As militants from ISIS further gain territory in Iraq and Syria despite the air strikes led by the United States, the effectiveness of the current strategy has been under constant scrutiny.
After US First Defense Secretary Ashton Carter slammed Iraqi troops for "their unwillingness to fight against ISIS" on TV, CIA chief John Brennan appeared on CBS to criticise President Barack Obama's strategy to stop the militants' advance.
Obama started the campaign of air strikes with coalition partners, saying it will “degrade and ultimately destroy” ISIS in Iraq and Syria.
According to Pentagon data, US fighter jets have carried out nearly 16,000 air strikes against ISIS positions in Iraq and Syria since September, yet the militants continue to expand territory under their control which now includes Ramadi in Iraq and the Syrian ancient city of Palmyra.
The recent losses led US officials to talk more openly about changing the existing strategy and consider the option of using ground forces. Washington has been seeking to embolden Iraqi security forces with a train and equip mission to counter the ISIS advance toward Baghdad.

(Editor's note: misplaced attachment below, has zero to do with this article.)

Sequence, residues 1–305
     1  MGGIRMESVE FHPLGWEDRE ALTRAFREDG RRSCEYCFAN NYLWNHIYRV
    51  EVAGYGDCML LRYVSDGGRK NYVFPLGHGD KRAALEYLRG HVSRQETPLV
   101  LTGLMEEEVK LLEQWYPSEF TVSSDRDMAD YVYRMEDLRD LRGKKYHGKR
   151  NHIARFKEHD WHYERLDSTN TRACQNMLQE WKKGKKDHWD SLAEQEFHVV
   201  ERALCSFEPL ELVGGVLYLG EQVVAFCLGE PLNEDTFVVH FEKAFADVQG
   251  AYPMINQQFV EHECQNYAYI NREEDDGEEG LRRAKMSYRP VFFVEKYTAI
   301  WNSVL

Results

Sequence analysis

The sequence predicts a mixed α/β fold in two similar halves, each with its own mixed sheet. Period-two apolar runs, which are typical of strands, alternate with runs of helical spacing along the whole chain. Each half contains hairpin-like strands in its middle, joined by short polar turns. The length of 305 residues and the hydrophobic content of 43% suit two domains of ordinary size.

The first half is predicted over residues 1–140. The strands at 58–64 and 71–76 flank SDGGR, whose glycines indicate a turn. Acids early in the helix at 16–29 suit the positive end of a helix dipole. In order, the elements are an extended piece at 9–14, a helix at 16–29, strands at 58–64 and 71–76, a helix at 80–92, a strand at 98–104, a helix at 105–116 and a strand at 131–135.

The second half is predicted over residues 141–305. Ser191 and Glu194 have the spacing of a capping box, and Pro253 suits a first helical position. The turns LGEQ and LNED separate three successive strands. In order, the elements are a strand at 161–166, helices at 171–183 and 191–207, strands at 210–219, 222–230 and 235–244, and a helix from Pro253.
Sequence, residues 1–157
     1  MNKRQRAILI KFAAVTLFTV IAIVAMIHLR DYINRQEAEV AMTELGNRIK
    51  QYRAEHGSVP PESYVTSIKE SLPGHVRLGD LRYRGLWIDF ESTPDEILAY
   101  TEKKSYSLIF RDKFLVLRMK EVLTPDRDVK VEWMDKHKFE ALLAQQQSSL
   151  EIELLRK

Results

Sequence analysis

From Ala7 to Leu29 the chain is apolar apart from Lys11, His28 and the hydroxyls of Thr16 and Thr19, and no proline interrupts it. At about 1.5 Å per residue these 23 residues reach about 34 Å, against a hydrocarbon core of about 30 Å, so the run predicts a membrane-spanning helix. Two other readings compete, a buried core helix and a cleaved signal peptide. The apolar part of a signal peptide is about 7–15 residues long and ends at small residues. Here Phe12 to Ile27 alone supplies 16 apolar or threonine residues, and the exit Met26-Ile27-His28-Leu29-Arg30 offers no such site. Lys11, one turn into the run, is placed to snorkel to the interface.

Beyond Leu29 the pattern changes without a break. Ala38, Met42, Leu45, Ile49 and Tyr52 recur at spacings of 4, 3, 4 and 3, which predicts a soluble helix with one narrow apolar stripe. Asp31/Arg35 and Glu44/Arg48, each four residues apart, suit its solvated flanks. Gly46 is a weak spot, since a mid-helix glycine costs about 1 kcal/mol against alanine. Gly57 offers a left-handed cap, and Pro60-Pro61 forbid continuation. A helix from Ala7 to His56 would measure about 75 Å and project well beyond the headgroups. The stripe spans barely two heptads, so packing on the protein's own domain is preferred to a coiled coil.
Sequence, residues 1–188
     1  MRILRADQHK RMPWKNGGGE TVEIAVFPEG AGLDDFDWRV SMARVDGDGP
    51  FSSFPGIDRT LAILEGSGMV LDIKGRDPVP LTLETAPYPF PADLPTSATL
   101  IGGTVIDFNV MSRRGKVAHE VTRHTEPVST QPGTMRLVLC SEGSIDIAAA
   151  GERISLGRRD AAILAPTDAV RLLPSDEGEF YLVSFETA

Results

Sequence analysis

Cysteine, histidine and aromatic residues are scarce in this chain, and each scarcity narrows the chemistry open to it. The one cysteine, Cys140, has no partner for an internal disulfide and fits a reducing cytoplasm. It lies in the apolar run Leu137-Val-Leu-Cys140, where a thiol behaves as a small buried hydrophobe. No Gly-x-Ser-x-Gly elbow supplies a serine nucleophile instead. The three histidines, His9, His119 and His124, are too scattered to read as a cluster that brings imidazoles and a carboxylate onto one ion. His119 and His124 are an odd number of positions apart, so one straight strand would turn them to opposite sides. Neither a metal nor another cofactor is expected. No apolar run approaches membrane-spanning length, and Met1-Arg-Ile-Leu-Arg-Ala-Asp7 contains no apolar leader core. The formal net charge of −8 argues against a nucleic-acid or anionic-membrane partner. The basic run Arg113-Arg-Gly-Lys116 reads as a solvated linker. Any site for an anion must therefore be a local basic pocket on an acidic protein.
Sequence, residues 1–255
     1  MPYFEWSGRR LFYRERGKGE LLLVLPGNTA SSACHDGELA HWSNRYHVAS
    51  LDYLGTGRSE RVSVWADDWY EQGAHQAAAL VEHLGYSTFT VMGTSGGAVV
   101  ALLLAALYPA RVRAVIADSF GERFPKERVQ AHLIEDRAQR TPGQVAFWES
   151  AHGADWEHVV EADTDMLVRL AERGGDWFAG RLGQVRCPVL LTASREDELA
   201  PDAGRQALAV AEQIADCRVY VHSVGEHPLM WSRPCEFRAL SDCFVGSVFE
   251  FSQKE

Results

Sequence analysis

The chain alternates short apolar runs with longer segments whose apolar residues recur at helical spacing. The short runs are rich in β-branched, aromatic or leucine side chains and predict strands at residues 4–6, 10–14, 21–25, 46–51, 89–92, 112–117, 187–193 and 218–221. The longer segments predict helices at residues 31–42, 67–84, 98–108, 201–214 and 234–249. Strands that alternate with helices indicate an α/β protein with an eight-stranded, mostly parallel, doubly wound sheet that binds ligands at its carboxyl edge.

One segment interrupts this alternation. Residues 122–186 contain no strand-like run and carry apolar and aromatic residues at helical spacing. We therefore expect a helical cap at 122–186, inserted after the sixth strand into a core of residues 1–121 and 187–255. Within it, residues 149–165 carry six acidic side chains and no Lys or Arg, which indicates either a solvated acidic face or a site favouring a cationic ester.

“I believe firmly that we’re not going to resolve this problem on the battlefield,” Brennan said in Face the Nation show.
“We have to keep the pressure on them, but at the same time there has to be a viable political process that’s able to bring together the actors inside Iraq and Syria and for them to be able to decide how they are going to have a peaceful future. So it’s a combination of military and political pressure that needs to be brought to bear.”
“We will turn back ISIS, I have no doubt about it,” Brennan said. “But I think there's going to be unfortunately a lot of bloodshed between now and then."
The US State Department announced last week it would send 2000 anti-tank weapons to Iraq to assist in the fight against ISIS and also approved the deployment of Hashd al Shaabi fighters to take back Ramadi from the group, despite lawmakers’ warnings of an increase in sectarian violence due to the involvement of Iranian-backed Shiite militias.
Officials said Washington was deeply divided about the involvement of Shiite militias with links to Iran, a regional power which has been expanding its influence throughout the Middle East especially after the US withdrew from Iraq at the end of 2011.